Brigitte Lin, Tony Leung, Chiu Wai, Faye Wong, Takeshi Kaneshiro, Valerie Chow
In this series, I intend to revisit certain acclaimed films with inflated reputations. The films I chose will not necessarily be without merit (I feel Chungking Express is a fine film for example), merely ones which are not as masterful as the critical community would claim. I do not intend to review these films, but rather refute the critical consensus of select “untouchable” works of cinema. First up Chungking Express:
Overwhelming critical praise for a work of art gets my attention; and why shouldn’t it? Critics consume art professionally. The impeccable taste of the most esteemed critics lends reliability. This is why Chungking Express’s high placement (#8) on the “UK Critics Top 10 Films of the Past 25 Years List”, published by Sight and Sound (and the word “masterpiece” floated in various reviews) made it a personal must-see. However, reading such hyperbolic raves beforehand has a tendency to saddle a film experience with impossible expectations. Chungking Express was no exception.
The film works as an entertaining and mildly interesting work, but when it tries on the “masterpiece” billing, it wobbles at the knees. Intellectually and emotionally vapid, Chungking Express did not impact me. Due to its hype, I believed I’d be thinking about this film for days after I viewed it. I did, but for the wrong reasons. This film does not raise any complex, ambiguous questions nor does it provide any form of unique aesthetic . A masterpiece of narrative not only raises these questions, but attempts to answer them. A masterpiece of style looks forward instead of backward.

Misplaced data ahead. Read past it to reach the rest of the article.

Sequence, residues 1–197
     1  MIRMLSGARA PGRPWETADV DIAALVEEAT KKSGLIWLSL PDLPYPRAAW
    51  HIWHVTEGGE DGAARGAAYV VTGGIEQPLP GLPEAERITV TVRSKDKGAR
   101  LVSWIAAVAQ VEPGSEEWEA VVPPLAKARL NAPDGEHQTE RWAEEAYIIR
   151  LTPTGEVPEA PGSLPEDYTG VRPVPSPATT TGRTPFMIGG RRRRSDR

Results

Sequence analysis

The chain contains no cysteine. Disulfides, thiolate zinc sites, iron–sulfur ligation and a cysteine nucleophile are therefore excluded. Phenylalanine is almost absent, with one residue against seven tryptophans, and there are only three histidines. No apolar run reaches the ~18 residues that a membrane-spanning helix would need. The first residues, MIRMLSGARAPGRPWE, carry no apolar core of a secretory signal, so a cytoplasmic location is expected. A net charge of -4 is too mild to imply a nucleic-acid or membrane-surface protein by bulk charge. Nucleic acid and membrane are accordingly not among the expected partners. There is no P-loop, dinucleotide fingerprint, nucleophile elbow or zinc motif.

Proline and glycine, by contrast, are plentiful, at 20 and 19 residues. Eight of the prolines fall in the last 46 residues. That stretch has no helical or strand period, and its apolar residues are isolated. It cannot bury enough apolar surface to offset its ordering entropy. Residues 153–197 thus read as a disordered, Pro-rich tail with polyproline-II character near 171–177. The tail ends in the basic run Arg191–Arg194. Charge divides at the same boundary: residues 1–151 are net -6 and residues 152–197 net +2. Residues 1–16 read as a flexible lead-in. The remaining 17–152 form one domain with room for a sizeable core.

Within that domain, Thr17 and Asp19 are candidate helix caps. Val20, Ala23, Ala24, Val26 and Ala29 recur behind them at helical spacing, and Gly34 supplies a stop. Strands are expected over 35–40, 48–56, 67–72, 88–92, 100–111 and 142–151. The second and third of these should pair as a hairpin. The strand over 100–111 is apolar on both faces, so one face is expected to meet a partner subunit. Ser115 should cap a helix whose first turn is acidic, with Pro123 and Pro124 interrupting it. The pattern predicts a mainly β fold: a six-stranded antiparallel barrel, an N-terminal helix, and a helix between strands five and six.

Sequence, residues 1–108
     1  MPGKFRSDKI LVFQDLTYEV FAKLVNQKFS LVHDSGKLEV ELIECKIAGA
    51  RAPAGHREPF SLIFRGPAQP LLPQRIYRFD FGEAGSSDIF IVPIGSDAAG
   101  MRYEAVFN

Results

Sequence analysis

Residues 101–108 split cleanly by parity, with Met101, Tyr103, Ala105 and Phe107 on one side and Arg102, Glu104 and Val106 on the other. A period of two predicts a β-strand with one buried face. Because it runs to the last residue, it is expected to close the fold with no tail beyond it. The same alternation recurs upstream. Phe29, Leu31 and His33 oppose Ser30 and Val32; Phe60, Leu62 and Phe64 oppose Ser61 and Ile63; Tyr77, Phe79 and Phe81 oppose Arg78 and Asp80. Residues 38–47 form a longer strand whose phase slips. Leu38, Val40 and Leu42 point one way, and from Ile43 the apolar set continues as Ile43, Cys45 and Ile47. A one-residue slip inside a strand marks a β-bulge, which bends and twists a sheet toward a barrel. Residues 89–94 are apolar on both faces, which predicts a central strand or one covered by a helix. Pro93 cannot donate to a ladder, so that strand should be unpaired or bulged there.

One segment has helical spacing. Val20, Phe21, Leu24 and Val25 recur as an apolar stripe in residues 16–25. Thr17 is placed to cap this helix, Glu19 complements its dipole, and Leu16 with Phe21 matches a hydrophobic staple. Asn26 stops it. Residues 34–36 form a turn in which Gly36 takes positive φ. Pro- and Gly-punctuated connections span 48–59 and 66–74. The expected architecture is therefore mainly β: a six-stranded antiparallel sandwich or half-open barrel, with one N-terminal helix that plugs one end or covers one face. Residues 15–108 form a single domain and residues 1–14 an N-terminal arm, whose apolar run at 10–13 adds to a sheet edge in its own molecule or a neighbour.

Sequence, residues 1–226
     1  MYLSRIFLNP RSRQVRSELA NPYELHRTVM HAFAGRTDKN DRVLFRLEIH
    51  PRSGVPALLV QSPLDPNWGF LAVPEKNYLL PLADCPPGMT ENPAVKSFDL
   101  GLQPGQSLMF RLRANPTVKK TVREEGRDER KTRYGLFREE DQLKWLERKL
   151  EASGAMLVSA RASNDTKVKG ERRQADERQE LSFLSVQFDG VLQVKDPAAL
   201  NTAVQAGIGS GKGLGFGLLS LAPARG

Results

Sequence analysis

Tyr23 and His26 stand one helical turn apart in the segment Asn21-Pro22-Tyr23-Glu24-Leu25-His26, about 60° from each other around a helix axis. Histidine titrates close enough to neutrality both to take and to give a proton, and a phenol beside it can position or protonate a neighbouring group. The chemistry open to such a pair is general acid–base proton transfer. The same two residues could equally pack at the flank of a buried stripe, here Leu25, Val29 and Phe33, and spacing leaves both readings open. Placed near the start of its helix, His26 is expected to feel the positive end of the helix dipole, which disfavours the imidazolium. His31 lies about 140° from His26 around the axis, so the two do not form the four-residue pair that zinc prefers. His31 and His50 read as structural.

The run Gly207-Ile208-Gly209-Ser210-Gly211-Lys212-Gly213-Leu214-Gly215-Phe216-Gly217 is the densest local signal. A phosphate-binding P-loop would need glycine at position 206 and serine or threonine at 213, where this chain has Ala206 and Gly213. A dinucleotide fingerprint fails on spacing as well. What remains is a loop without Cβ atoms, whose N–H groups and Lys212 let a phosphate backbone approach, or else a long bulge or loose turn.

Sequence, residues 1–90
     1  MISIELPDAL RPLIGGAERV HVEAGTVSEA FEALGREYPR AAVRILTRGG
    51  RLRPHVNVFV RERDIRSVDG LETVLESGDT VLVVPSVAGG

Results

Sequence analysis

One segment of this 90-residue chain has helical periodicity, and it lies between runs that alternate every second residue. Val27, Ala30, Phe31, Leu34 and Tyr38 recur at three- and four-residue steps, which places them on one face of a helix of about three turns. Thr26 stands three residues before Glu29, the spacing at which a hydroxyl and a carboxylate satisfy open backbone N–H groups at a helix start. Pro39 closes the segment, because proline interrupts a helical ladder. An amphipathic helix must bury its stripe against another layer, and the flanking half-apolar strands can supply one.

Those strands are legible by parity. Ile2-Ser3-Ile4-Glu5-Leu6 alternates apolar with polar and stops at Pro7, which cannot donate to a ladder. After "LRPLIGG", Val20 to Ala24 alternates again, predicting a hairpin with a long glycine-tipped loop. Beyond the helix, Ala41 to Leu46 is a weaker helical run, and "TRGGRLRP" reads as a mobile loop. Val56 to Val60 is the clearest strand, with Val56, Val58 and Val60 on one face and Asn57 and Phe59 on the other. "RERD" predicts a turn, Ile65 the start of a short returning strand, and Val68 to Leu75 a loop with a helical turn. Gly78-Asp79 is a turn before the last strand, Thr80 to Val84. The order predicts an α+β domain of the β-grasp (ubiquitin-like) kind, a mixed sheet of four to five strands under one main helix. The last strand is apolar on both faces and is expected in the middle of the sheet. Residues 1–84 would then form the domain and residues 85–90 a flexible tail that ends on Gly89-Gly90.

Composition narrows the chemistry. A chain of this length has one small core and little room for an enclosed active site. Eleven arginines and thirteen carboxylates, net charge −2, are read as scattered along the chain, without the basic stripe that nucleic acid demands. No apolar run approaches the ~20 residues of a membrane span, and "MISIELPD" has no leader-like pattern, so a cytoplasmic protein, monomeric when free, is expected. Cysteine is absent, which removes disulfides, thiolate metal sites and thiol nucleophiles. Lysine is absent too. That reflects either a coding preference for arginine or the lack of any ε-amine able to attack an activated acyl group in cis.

This film is a case study in style over substance. This is not always a bad thing. Godard, a master filmmaker, made a career out of this concept. However, when the style offered is derivative, the idiom looms forebodingly. For a film hinging on its aesthetics, this film offers little I haven’t seen. The hodgepodge of styles it employs from prior, superior films only remind me I could be watching those films instead.On full display are Scorsese’s grit and use of pop song, Godard’s pseudo-philosophical, whimsical musings (“When people cry, they can dry their eyes with tissues. But when an apartment cries, it takes a lot to mop it up”), and many stylistic innovations of the French New Wave (Cop 223’s freeze frame instantly recalled the ending of Truffaut’s The 400 Blows). Wong Kar-wai seemingly synthesizes his influences into a film without its own unique voice. The film reads like an Easterner fascinated by his Western heroes.
The first story of Chungking Express is a solid slice of Tarantino-esque genre-pastiche, while the second story slips firmly into 2nd rate Godard. I have yet to see any other works by Wong. I hear great things about In the Mood for Love and 2046. Hopefully, by that point in his filmography he had developed a more unique vision (and hopefully a budget large enough for multiple song rights).
As for the soundtrack, “California Dreamin’” works perfectly in the segue to the second story. If it was only used there, I would have applauded the choice, but it isn’t. It is used over and over and over again. Around every corner, the Mamas and the Papas already widely heard song is waiting to bludgeon you into insanity. This is perhaps the most relentless use of a pop song in cinematic history. Similarly to the incessant one-note soundtrack, the earnestness of Faye’s actual California yearning is borderline embarrassing and serves as a microcosm of the work itself: a naive Hong Kong-er fascinated with delusions of a misrepresented, western culture.
We all know how critical it is to keep independent voices alive and strong on the Internet. Your donation will help PopMatters stay viable through these changing and challenging times.